Still reeling from the sight of the place, Jennifer approached the desk and slid open the box. Inside were a series of cards - old-fashioned business cards of very high quality. "Let's see here...Destiny, Inc...Apocalypse, Ltd...Exosphere Communications...there's nothing else written on any of these."

"We have thoroughly investigated the names," said Yang Yizhen. "None of these companies exist within Exterran space or within the domains of any other nearby life forms."

"So they're fakes." Jennifer ran a thumb along the edges of the cards - they were extremely thick, made from some unusual stock that refused to bend or soften at the edges. "Really good fakes. Someone must have too many credits to waste them on something like this for a joke."

"Then this is a clue?" Yang Yizhen brightened up, trotting over to Jennifer's side. "Might this grant some information on the thief's whereabouts?"

"Maybe." Jennifer returned the cards to the box and proceeded to pace around the apartment, idly studying the bare walls. "What do you know about this 'Izmik' character, anyway? What's his background?"

"There is much to tell you of Izmik, but we assume that all of his information is false," said Yang Yizhen. "We are already certain that the names of his relations are fictitious."

"Yes, but every lie contains some kernel of truth," said Jennifer, leaning against the wall. "Say he claims to be from the Stretch - easy dodge, most thieves would say that. It's a lot safer than claiming to be from one of the empires because no one will make you prove any special cultural knowledge. But the exact region matters a lot. If he claims to be from the Federation core, then he wants people to think he's from a wealthy, well-connected family. Means he's a risk taker - those perceived connections open a lot of doors, but he risks getting caught if he has to deal with a person who actually holds those connections. Now, if he claims to be from a Sagittarius slum, then he's trying to stay invisible. He's a patient type, very cautious, sticking to the shadows, running the long con - above all, he doesn't care what anyone thinks of him. It's best if they don't think about him at all."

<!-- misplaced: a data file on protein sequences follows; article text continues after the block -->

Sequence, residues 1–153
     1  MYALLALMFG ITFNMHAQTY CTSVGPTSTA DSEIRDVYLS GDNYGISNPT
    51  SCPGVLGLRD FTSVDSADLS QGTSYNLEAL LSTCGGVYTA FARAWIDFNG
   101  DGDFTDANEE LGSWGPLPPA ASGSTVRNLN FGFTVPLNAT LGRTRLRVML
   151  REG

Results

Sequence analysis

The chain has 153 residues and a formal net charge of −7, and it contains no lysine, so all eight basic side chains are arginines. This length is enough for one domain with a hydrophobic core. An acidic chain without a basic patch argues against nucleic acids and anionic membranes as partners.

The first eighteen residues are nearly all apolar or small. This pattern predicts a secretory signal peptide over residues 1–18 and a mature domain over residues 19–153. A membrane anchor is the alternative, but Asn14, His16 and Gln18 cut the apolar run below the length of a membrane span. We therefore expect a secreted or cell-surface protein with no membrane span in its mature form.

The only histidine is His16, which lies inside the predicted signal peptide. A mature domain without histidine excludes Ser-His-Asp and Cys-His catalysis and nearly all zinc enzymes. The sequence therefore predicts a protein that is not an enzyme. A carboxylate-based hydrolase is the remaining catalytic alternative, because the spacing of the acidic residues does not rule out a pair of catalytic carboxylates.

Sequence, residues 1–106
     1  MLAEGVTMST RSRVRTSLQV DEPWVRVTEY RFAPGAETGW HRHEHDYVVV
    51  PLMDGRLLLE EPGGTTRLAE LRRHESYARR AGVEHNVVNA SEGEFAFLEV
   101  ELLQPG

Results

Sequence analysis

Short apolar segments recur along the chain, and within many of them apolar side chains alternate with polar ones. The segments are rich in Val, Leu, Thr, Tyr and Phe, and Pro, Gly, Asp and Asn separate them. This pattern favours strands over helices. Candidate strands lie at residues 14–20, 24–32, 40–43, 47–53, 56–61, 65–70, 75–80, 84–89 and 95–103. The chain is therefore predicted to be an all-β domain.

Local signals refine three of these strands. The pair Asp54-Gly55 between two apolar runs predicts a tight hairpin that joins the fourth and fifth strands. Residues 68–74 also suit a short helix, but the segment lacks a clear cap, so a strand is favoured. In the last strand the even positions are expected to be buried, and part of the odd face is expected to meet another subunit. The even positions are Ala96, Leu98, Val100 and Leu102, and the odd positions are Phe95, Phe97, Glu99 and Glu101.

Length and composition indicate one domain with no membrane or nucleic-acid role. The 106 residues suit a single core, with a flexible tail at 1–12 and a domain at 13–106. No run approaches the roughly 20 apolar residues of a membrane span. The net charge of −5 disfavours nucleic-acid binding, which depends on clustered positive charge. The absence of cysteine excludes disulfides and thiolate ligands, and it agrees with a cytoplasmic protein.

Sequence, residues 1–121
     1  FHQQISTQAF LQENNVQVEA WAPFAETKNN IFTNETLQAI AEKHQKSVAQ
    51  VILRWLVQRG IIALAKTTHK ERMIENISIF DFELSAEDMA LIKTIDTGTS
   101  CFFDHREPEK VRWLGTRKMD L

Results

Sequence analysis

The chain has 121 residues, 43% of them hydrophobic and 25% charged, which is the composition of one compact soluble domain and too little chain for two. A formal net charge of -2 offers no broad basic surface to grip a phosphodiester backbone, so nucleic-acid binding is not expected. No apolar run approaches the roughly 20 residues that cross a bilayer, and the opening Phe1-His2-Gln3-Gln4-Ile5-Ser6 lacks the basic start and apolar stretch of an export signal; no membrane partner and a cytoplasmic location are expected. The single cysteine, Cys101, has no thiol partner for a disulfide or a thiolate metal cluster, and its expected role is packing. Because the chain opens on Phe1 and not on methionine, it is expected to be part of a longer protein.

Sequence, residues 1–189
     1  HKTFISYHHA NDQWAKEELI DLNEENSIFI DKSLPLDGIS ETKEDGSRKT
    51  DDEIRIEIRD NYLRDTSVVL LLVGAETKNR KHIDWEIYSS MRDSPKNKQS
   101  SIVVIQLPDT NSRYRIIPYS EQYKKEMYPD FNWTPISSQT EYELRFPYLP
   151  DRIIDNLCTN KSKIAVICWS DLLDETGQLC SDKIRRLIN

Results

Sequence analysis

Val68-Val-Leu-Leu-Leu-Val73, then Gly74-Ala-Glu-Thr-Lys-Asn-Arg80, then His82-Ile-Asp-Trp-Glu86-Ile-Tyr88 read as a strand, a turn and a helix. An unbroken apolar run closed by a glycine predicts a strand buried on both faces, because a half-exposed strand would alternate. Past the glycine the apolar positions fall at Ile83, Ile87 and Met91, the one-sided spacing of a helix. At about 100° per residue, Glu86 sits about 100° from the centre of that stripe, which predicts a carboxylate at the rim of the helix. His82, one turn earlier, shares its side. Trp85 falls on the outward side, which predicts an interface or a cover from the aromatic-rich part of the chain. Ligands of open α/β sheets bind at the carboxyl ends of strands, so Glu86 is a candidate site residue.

"Yes, I can follow that reasoning," said Yang Yizhen. "He professed to hail from a colony outside of Exterra. I believe he claimed it to be a Federation project on a satellite in the Agolgan territories."

"Really, a colony? That's interesting." Jennifer walked back to the desk, picking up the box in both hands. "Fake business cards from fake businesses. No personal belongings of note. Very neat. Claims to be from outside of the Federation proper..." She tapped the box against one hand. "This one's unique. I've never seen a crook handle himself like this."

Yang Yizhen grew visibly worried. "Then you do not know."

"On the contrary," said Jennifer. "He's going to the Cradle. They always go to the Cradle."

"The Cradle? You speak of the source, the origin of human life and our glorious civilization?"

"That's the one."

"Then it is hopeless," said Yang Yizhen. "No one alive can locate the Cradle, and no one would dare go in search of it."

"You're wrong on the second part," said Jennifer. "I know a guy who's up for it."

------

In some isolated corner of the galaxy, separated by known civilization by some trillions and trillions of miles of silent oblivion, lies a living myth. From a great distance, it is just another desiccated marble pirouetting around an anonymous star, another stone in the sea. However, to the outcasts of Exterra - the dregs left in the wake of imperial dominance, the undesirables begging at the gates of the Exterran Federation, the criminal swine taking their daily bread by whatever means are available to them - this planet represents, if not paradise, then certainly the hope of one.